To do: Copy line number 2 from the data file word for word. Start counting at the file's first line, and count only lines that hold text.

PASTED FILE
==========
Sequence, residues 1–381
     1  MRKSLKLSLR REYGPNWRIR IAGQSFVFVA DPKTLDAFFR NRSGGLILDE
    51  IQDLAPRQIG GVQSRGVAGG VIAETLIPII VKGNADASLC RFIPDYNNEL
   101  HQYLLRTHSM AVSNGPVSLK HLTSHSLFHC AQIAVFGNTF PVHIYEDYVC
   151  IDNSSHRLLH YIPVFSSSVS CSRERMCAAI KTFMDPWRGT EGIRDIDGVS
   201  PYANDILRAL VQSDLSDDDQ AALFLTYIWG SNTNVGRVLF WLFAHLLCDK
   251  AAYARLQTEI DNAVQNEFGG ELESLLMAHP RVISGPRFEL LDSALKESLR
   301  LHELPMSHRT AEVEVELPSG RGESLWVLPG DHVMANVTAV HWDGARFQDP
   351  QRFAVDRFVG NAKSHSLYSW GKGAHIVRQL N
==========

     1  MRKSLKLSLR REYGPNWRIR IAGQSFVFVA DPKTLDAFFR NRSGGLILDE